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Best Foods for Hangovers: What Does a Dietitian Suggest?

A night out with family, friends, or co-workers always seems like a good idea until the hangover hits the next morning. And as we get older, the few glasses of wine or craft cocktails at our favorite bar that we once easily tolerated in our 20s may now leave us feeling as though we've been hit by a truck.

By making a few plans ahead of time and learning which foods help you recover faster the next morning, you can be on your way to a speedier and likely less painful hangover.

Why do I have hangovers?

Hangovers happen in response to alcohol consumption. Some people can feel hungover from just one drink, while it may take a few servings of alcohol for others to feel the negative effects.

  • Dehydration. It is one of the leading causes of hangover symptoms such as thirst, fatigue, and headaches. Alcohol causes your body to produce more urine, in turn causing you to have to pee more often. Unless you are replenishing your body with water while you are consuming alcohol, you are likely going to get dehydrated.
  • Stomach irritation. Alcohol causes your stomach to produce more stomach acid that may irritate the lining of the gastrointestinal tract leading to nausea and vomiting. Drinking on an empty stomach can compound these symptoms, so it’s best to enjoy your drink of choice with some food.
  • Impact on blood sugar. Alcohol may cause a drop in blood sugar levels, which makes you feel weak, shaky, or just plain tired. This can be especially dangerous for people with diabetes. Having something to snack on with your drinks can also help prevent a crash.
  • Sleep disturbance. While alcohol may help you fall asleep initially, it disrupts your normal sleep pattern. You’ll get less restful sleep and may wake up earlier than you wanted to. This will leave you feeling groggy and unproductive during the day.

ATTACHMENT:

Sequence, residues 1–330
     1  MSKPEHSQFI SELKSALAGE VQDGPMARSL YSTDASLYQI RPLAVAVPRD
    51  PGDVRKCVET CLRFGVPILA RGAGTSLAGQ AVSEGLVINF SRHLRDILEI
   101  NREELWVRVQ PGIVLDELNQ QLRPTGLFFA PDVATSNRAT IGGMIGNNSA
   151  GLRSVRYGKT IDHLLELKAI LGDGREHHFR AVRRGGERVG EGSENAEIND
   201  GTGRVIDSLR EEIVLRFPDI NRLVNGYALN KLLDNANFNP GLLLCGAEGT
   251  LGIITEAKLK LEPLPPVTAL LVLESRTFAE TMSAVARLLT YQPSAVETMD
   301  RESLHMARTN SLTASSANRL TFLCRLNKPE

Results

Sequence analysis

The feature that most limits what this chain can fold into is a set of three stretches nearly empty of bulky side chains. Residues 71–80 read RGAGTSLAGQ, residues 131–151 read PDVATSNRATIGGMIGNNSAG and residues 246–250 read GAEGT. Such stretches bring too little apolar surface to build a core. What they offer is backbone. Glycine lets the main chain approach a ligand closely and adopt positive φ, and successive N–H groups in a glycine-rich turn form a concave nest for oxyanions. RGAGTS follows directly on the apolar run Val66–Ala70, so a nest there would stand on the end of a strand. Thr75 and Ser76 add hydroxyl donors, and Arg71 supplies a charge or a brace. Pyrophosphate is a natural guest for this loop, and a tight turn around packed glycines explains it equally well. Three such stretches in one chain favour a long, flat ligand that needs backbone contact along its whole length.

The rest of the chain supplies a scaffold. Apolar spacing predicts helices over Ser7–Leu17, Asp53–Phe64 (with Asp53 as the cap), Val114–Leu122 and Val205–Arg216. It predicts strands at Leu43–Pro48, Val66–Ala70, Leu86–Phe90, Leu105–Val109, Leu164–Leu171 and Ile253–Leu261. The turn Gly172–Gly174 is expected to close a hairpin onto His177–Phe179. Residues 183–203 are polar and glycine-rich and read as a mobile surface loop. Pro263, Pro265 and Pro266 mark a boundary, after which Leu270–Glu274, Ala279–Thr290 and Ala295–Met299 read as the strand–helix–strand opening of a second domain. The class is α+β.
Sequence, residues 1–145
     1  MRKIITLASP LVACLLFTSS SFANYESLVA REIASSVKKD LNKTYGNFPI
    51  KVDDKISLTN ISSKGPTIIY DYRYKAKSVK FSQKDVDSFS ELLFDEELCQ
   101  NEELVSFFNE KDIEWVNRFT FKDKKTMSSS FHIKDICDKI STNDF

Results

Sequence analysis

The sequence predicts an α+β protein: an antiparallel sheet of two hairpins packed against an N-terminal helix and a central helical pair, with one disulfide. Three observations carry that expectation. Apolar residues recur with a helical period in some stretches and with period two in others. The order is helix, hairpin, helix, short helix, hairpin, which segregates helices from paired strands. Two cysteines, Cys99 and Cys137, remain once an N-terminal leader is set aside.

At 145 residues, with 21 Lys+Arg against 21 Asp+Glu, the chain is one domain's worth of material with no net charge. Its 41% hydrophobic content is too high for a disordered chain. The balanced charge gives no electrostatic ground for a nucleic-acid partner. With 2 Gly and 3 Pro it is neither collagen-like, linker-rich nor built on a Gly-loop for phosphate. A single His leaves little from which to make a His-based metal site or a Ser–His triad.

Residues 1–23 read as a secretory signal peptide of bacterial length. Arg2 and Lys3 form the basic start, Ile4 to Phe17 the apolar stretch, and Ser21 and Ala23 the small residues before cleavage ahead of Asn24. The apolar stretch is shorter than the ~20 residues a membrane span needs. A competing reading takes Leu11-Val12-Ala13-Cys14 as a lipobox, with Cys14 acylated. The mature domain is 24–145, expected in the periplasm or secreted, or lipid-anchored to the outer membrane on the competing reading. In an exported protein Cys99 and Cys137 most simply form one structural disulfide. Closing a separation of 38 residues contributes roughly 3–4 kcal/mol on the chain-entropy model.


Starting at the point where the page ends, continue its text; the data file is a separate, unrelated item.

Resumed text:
How to stop the hangover before it starts

By going into the night with a plan, you can reduce or even avoid some of the hangover symptoms. Plan to eat before or during your alcohol consumption, and remember to hydrate with non-alcoholic beverages.

Whether you want to prevent a hangover or are already in the middle of it, here are the best strategies proven to be effective:

1. Hydrate to feel great

If you are planning a night out, drink water throughout the day leading up to the event. Try alternating alcoholic drinks with glasses of water, as this will ensure you are staying hydrated throughout the evening and will help you drink less alcohol.

Other healthy beverage choices are also recommended. Fruits and vegetables, for instance, are high in antioxidants and can be consumed as juice for hydration. One study showed that a mixed juice of Angelica keiskei (a flowering plant in the carrot family), green grape and pear juice sped up alcohol metabolism and reduced thirst and headache.

In addition, there is some evidence from cell studies that asparagus extract may speed up alcohol metabolism, reducing hangover duration, while ginger, with its antioxidant properties, may alleviate oxidative stress from alcohol consumption.

The next morning, you may want to replenish your electrolytes, so try drinking hangover-friendly beverages, such as a sports drink or mix water with electrolyte powder. Replacing the lost sodium and potassium will help balance out your mineral levels in the blood, leading to a quicker recovery.